Chicken-Liver Salad with Hot Bacon Dressing and Croutons
- SERVINGS: 4
Sprinkling allspice over chicken livers before sautéing adds a delicate spicy sweetness. With their smooth, rich texture, the livers are a pleasant contrast to the crisp bed of lettuce and crunch croutons. Frisée stands up perfectly to the hot bacon dressing, but you can use another firm lettuce, such as curly endive, or a mixture of endive and radicchio, instead.
- 1 1/2-pound loaf country-style bread, crust removed, cut into 1/2-inch cubes (about 3 cups)
- About 7 tablespoons olive oil
- 2 large heads frisée, cut into 2-inch pieces (about 1 1/2 quarts)
- 1 red onion, chopped
- 3/4 teaspoon salt
- Fresh-ground black pepper
- 1/2 pound bacon, strips cut crosswise into 1/2-inch pieces
- 1 pound chicken livers, each cut in half
- 1 teaspoon ground allspice
- 3 1/2 tablespoons wine vinegar
- Heat the oven to 350°. Toss the bread cubes with 2 tablespoons of the oil and put on a large baking sheet. Bake, stirring once or twice, until the bread cubes are crisp and golden brown, about 15 minutes. Let the croutons cool.
- In a large bowl, combine the frisée, onion,1/2 teaspoon of the salt, and 1/4 teaspoon pepper.
- In a large nonstick frying pan, cook the bacon until crisp. Remove the bacon and pour the fat into a measuring cup. Add enough of the oil to make 1/2 cup and reserve for Step 5.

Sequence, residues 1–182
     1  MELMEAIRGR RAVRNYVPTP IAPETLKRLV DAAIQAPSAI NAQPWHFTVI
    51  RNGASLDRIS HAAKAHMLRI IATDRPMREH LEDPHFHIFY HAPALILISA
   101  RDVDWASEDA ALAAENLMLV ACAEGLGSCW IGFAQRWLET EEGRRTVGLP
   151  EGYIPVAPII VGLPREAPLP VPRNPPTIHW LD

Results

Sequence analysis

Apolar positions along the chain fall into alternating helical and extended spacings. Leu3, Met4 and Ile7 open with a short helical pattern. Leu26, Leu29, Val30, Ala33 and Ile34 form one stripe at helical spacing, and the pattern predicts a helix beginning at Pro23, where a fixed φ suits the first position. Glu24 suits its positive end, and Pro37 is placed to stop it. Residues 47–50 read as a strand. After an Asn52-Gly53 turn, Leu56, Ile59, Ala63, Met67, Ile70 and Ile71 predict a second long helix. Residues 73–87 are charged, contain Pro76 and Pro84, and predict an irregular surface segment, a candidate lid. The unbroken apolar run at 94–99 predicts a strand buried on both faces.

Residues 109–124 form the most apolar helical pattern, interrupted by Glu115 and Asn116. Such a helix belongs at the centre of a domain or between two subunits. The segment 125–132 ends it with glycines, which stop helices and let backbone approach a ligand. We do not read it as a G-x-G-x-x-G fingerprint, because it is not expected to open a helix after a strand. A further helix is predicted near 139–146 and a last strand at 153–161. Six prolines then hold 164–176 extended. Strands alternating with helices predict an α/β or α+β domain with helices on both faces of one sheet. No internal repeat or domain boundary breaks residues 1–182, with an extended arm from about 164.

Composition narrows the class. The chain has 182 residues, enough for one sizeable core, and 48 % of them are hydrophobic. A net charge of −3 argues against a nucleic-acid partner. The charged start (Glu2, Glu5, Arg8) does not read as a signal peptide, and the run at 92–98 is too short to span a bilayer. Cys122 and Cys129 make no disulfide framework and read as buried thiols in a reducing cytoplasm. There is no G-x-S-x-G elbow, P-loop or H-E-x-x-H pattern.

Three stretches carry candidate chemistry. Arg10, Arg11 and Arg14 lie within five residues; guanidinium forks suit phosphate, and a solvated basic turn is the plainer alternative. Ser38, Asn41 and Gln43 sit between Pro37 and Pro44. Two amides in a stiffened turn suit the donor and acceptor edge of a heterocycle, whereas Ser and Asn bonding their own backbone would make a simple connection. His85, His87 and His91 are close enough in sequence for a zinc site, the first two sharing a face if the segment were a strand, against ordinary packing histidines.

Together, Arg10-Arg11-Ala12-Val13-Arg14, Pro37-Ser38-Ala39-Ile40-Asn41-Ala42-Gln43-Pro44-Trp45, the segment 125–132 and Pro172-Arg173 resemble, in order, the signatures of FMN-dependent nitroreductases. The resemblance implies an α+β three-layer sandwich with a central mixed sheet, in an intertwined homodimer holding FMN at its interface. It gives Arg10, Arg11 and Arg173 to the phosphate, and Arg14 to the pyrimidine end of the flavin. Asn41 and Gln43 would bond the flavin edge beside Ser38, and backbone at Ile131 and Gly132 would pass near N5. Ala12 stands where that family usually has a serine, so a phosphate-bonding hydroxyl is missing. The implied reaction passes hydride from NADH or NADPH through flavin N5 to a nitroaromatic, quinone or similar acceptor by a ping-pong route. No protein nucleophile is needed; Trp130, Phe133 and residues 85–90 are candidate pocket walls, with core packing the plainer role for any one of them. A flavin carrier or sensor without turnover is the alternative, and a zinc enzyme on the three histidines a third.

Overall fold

- Wipe out the pan. Heat 1 1/2 tablespoons of the oil in the pan over moderately high heat. Season the chicken livers with the allspice, the remaining 1/4 teaspoon salt, and 1/8 teaspoon pepper. Put the livers in the pan, in two batches if necessary, and cook 2 minutes. Turn and cook until browned, about 2 minutes longer. The livers should still be pink inside. Remove the livers from the pan and put in a warm spot.
- Wipe out the pan. Add the reserved 1/2 cup fat and the bacon to the pan. Heat over moderately high heat until the bacon is sizzling. Pour the hot bacon and fat over the salad and toss. Toss in the vinegar and then the croutons. Put the salad on plates and top with the livers.
Dishes that straddle the line between salad and meat need particularly flexible wines. Light-bodied reds that are low in tannin, to avoid a clash with the vinegar, can work well; try a Bardolino. Just about any dry rosé wine would also be good.